find_and_transform_dates {dataPreparation} R Documentation

## Identify date columns

### Description

Find and transform dates that are hidden in a character column.
It use a bunch of default formats, and you can also add your own formats.

### Usage

find_and_transform_dates(
data_set,
cols = "auto",
formats = NULL,
n_test = 30,
ambiguities = "IGNORE",
verbose = TRUE
)


### Arguments

 data_set Matrix, data.frame or data.table cols List of column(s) name(s) of data_set to look into. To check all all columns, set it to "auto". (characters, default to "auto") formats List of additional Date formats to check (see strptime) n_test Number of non-null rows on which to test (numeric, default to 30) ambiguities How ambiguities should be treated (see details in ambiguities section) (character, default to IGNORE) verbose Should the algorithm talk? (Logical, default to TRUE)

### Details

This function is using identify_dates to find formats. Please see it's documentation. In case identify_dates doesn't find wanted formats you can either provide format in param formats or use set_col_as_date to force transformation.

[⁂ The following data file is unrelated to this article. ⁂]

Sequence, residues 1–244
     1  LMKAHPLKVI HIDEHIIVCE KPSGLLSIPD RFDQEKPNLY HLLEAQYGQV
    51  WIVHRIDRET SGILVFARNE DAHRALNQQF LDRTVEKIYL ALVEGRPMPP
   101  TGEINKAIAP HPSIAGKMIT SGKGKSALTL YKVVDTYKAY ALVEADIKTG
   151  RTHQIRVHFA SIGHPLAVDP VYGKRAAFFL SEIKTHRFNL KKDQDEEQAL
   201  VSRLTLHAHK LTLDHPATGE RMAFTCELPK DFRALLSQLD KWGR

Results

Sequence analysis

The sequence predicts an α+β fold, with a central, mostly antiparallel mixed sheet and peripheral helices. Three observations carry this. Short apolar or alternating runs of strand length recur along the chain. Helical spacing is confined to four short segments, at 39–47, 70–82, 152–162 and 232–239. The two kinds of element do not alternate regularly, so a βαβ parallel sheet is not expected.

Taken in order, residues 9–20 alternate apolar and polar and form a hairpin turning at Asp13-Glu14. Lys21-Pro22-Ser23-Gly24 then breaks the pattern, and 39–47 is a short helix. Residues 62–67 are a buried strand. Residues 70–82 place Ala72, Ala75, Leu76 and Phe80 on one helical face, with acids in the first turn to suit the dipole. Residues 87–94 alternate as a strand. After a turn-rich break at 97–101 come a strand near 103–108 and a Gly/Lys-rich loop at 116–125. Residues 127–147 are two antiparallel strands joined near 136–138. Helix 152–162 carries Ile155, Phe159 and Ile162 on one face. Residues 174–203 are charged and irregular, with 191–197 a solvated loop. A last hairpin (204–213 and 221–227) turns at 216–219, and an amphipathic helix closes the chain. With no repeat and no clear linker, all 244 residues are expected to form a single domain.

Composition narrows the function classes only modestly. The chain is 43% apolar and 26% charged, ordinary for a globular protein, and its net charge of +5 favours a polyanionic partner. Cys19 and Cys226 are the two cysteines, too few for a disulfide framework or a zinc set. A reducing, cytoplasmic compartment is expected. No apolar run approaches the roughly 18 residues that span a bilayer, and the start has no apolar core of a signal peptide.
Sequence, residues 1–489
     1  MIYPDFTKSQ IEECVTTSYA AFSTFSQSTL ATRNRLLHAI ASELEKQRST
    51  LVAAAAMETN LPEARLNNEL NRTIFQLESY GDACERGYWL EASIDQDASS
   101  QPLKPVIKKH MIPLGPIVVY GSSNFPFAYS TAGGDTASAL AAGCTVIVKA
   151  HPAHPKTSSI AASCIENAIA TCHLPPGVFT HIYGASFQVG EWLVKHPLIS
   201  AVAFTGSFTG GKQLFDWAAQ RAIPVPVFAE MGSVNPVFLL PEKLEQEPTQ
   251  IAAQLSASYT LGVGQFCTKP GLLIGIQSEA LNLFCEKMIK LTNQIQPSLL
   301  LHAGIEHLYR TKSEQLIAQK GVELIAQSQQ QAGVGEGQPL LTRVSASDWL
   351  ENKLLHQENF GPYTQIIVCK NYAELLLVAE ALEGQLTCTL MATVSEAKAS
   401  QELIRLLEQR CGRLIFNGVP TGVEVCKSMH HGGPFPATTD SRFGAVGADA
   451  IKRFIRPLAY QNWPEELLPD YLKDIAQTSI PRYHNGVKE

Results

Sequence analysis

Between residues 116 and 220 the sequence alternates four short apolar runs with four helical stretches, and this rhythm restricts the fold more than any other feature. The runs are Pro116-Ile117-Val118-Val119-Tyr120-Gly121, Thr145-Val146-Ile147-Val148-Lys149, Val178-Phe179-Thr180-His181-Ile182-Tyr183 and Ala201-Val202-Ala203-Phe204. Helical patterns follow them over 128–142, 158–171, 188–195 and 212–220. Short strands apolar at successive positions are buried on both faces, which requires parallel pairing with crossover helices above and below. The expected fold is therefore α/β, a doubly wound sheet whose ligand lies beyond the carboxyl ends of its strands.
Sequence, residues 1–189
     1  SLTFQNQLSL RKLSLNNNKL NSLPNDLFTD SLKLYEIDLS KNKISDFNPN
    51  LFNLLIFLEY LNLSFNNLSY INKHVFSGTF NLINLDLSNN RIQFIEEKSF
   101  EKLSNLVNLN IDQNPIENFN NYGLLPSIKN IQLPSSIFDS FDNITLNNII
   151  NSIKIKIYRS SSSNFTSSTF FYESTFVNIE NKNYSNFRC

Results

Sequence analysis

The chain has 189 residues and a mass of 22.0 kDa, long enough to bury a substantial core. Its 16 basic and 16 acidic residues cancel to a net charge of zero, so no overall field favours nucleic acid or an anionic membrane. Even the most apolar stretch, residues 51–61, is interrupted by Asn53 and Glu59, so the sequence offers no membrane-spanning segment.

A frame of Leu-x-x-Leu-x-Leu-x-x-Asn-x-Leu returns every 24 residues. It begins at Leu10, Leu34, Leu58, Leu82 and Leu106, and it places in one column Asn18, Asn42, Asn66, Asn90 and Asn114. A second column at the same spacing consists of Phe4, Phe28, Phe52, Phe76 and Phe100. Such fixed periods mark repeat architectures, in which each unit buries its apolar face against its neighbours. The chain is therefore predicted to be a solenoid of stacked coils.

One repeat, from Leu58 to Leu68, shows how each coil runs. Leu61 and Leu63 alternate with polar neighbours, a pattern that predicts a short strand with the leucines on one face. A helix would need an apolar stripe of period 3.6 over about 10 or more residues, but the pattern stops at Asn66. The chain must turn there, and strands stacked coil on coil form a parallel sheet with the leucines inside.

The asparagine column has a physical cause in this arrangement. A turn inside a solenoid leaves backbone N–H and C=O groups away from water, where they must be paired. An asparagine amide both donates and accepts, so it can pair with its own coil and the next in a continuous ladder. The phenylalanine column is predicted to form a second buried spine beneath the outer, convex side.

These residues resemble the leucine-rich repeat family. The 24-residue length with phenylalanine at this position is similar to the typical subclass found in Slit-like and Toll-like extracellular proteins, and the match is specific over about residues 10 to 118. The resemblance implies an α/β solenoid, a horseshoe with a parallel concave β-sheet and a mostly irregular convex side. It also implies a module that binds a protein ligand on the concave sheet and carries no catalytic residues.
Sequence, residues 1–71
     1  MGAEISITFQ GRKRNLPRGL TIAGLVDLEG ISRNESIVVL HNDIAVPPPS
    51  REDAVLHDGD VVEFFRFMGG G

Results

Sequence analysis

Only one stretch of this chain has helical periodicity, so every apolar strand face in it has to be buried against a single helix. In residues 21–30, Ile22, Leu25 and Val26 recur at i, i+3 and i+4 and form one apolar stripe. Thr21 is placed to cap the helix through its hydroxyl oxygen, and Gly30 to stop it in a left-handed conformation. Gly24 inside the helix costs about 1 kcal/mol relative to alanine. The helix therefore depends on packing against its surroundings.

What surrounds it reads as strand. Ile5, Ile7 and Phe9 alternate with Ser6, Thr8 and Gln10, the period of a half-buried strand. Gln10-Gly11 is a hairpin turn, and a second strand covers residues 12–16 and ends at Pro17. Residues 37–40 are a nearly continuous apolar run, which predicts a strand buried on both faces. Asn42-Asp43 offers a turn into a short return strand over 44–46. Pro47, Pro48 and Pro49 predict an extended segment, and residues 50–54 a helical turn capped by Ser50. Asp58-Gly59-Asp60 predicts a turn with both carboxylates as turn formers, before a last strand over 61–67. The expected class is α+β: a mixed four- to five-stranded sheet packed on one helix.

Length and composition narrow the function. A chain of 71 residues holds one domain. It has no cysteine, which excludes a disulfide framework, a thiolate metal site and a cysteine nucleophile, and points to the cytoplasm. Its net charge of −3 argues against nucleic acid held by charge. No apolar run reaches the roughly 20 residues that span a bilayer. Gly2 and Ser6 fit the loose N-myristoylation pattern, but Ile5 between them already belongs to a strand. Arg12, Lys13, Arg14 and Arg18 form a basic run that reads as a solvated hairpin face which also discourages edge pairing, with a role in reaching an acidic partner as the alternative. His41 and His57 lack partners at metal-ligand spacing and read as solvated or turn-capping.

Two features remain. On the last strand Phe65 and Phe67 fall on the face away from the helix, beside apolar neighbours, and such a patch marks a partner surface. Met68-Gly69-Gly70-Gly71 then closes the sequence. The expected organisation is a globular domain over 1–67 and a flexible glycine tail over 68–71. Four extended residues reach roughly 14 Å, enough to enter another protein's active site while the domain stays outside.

### Value

data_set set (as a data.table) with identified dates transformed by reference.

### Ambiguity

Ambiguities are often present in dates. For example, in date: 2017/01/01, there is no way to know if format is YYYY/MM/DD or YYYY/DD/MM.
Some times ambiguity can be solved by a human. For example 17/12/31, a human might guess that it is YY/MM/DD, but there is no sure way to know.
To be safe, find_and_transform_dates doesn't try to guess ambiguities.
To answer ambiguities problem, param ambiguities is now available. It can take one of the following values

• IGNORE function will then take the first format which match (fast, but can make some mistakes)

• WARN function will try all format and tell you - via prints - that there are multiple matches (and won't perform date transformation)

• SOLVE function will try to solve ambiguity by going through more lines, so will be slower. If it is able to solve it, it will transform the column, if not it will print the various acceptable formats.

If there are some columns that have no chance to be a match think of removing them from cols to save some computation time.

### Examples

# Load exemple set
# using the find_and_transform_dates

# Example with ambiguities
## Not run:
require(data.table)
messy_adult$date1 = sort(messy_adult$date1, na.last = TRUE)